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22
Modeling Genome Evolution with a DSEL for Probabilistic Programming
 In 8th Int. Symp. on Practical Aspects of Declarative Languages
, 2006
"... Abstract. Many scientific applications benefit from simulation. However, programming languages used in simulation, such as C++ or Matlab, approach problems from a deterministic procedural view, which seems to differ, in general, from many scientists ’ mental representation. We apply a domainspecifi ..."
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Abstract. Many scientific applications benefit from simulation. However, programming languages used in simulation, such as C++ or Matlab, approach problems from a deterministic procedural view, which seems to differ, in general, from many scientists ’ mental representation. We apply a domainspecific language for probabilistic programming to the biological field of gene modeling, showing how the mentalmodel gap may be bridged. Our system assisted biologists in developing a model for genome evolution by separating the concerns of model and simulation and providing implicit probabilistic nondeterminism.
From Bayesian notation to pure Racket, via measuretheoretic probability in λZFC
 In: Implementation and Application of Functional Languages
, 2010
"... Abstract. Bayesian practitioners build models of the world without regarding how difficult it will be to answer questions about them. When answering questions, they put off approximating as long as possible, and usually must write programs to compute converging approximations. Writing the programs i ..."
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Abstract. Bayesian practitioners build models of the world without regarding how difficult it will be to answer questions about them. When answering questions, they put off approximating as long as possible, and usually must write programs to compute converging approximations. Writing the programs is distracting, tedious and errorprone, and we wish to relieve them of it by providing languages and compilers. Their style constrains our work: the tools we provide cannot approximate early. Our approach to meeting this constraint is to 1) determine their notation’s meaning in a suitable theoretical framework; 2) generalize our interpretation in an uncomputable, exact semantics; 3) approximate the exact semantics and prove convergence; and 4) implement the approximating semantics in Racket (formerly PLT Scheme). In this way, we define languages with at least as much exactness as Bayesian practitioners have in mind, and also put off approximating as long as possible. In this paper, we demonstrate the approach using our preliminary work on discrete (countably infinite) Bayesian models.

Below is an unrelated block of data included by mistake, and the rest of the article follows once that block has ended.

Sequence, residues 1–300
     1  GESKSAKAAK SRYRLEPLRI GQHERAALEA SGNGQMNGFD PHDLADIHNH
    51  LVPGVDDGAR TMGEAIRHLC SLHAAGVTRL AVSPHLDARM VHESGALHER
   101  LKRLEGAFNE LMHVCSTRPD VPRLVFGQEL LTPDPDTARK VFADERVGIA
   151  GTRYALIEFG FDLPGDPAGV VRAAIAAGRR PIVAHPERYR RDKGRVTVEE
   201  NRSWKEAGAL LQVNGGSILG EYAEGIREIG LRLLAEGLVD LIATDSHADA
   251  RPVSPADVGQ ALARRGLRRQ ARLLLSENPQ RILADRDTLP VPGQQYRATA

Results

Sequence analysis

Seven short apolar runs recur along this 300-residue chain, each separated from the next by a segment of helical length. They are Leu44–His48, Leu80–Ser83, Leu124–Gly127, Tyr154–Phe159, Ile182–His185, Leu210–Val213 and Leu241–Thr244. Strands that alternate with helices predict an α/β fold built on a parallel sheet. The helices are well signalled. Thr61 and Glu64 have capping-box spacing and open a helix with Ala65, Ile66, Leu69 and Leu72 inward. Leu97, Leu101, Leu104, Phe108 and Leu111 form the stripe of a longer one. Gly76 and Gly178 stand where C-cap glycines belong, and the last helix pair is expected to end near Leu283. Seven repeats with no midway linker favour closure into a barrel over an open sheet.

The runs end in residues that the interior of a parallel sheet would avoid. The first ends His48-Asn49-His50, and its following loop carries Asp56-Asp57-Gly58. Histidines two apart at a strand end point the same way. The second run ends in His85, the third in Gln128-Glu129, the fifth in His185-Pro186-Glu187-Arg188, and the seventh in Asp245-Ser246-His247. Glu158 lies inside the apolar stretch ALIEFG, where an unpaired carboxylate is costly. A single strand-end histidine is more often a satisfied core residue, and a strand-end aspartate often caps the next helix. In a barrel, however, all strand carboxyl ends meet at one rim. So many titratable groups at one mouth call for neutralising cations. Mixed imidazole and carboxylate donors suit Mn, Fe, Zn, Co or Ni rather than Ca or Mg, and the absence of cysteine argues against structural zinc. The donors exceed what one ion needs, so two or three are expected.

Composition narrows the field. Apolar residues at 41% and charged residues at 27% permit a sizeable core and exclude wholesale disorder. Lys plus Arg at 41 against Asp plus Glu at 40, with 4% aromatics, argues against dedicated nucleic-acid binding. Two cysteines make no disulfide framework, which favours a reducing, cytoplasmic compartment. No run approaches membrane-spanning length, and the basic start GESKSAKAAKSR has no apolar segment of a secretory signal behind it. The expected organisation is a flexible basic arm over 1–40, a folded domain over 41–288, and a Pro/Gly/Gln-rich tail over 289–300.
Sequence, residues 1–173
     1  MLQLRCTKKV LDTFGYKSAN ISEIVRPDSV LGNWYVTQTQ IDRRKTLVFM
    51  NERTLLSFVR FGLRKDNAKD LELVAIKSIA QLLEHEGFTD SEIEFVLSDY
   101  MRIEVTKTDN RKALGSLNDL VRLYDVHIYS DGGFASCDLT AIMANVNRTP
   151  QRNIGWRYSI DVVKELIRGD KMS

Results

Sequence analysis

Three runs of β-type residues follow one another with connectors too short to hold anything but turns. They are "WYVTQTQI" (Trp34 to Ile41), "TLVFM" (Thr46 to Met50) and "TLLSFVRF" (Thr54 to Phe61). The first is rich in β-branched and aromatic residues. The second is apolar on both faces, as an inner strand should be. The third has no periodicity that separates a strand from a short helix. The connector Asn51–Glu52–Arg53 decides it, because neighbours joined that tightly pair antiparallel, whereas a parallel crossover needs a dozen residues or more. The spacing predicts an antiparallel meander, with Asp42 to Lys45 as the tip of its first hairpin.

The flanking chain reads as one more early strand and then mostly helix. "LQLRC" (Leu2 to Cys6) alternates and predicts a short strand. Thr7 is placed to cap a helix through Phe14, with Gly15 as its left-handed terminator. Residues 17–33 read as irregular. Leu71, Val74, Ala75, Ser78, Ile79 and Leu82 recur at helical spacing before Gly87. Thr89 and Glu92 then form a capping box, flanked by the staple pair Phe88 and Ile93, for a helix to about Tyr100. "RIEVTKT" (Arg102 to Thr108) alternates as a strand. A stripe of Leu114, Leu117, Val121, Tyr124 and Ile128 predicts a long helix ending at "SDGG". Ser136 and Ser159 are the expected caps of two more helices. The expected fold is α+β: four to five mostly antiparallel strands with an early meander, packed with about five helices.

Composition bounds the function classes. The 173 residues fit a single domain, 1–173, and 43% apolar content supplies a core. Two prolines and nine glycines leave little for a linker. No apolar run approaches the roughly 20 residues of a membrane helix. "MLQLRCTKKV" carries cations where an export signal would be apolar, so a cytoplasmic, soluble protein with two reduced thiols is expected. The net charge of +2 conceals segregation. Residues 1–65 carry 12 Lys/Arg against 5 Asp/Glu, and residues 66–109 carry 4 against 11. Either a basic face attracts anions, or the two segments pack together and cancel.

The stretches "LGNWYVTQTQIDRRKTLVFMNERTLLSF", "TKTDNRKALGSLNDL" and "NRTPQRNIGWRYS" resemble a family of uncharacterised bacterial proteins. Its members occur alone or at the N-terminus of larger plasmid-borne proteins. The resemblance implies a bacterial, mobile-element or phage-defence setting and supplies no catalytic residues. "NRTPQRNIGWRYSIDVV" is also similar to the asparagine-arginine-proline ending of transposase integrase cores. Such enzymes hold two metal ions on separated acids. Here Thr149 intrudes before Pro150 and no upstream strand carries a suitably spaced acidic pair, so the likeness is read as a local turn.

Abstract DRAFT
"... Build your own probability monads Probability is often counterintuitive, and it always involves a great deal of math. This is unfortunate, because many applications in robotics and AI increasingly rely on probability theory. We introduce a modular toolkit for constructing probability monads, and sh ..."
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Build your own probability monads Probability is often counterintuitive, and it always involves a great deal of math. This is unfortunate, because many applications in robotics and AI increasingly rely on probability theory. We introduce a modular toolkit for constructing probability monads, and show that it can be used for everything from discrete distributions to weighted particle filtering. This modular approach allows us to present a single, easytouse API for working with many kinds of probability distributions. Our toolkit combines several existing components (the list monad, the Rand monad, and the MaybeT monad transformer), with a stripped down version of WriterT Prob, and a new monad for sequential Monte Carlo sampling. Using these components, we show that MaybeT can be used to implement Bayes ’ theorem. We also show how to implement a monad for weighted particle filtering.
Stochastic Reasoning in Hybrid Linear Logic
, 2009
"... Ordinary linear implication can represent unconstrained state transition, but stateful systems often operate under temporal and stochastic constraints which impede the use of linear logic as a framework for representing stateful computations. We propose a general modal extension of linear logic wher ..."
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Ordinary linear implication can represent unconstrained state transition, but stateful systems often operate under temporal and stochastic constraints which impede the use of linear logic as a framework for representing stateful computations. We propose a general modal extension of linear logic where the worlds represent the constraints, and hybrid connectives combine constraint reasoning with ordinary logical reasoning. Among the merits of this logic is a generic focused sequent calculus that can be used to internalize the rules of particular stateful systems; we illustrate this with a simple adequate encoding of the synchronous stochastic picalculus. 1
Toward Interactive Statistical Modeling
"... When solving machine learning problems, there is currently little automated support for easily experimenting with alternative statistical models or solution strategies. This is because this activity often requires expertise from several different fields (e.g., statistics, optimization, linear algebr ..."